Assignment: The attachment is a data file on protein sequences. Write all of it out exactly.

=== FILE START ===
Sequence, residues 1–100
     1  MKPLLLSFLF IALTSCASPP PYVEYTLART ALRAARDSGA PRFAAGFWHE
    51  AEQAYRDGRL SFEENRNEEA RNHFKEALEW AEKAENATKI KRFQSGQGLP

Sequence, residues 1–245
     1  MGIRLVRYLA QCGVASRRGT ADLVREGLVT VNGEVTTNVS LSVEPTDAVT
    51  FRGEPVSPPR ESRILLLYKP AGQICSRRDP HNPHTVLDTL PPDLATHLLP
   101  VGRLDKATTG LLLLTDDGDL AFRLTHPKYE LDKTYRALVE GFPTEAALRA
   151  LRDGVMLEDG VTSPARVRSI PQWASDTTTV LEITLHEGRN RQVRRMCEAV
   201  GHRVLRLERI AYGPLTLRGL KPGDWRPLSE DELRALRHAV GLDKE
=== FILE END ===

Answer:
Sequence, residues 1–100
     1  MKPLLLSFLF IALTSCASPP PYVEYTLART ALRAARDSGA PRFAAGFWHE
    51  AEQAYRDGRL SFEENRNEEA RNHFKEALEW AEKAENATKI KRFQSGQGLP

Sequence, residues 1–245
     1  MGIRLVRYLA QCGVASRRGT ADLVREGLVT VNGEVTTNVS LSVEPTDAVT
    51  FRGEPVSPPR ESRILLLYKP AGQICSRRDP HNPHTVLDTL PPDLATHLLP
   101  VGRLDKATTG LLLLTDDGDL AFRLTHPKYE LDKTYRALVE GFPTEAALRA
   151  LRDGVMLEDG VTSPARVRSI PQWASDTTTV LEITLHEGRN RQVRRMCEAV
   201  GHRVLRLERI AYGPLTLRGL KPGDWRPLSE DELRALRHAV GLDKE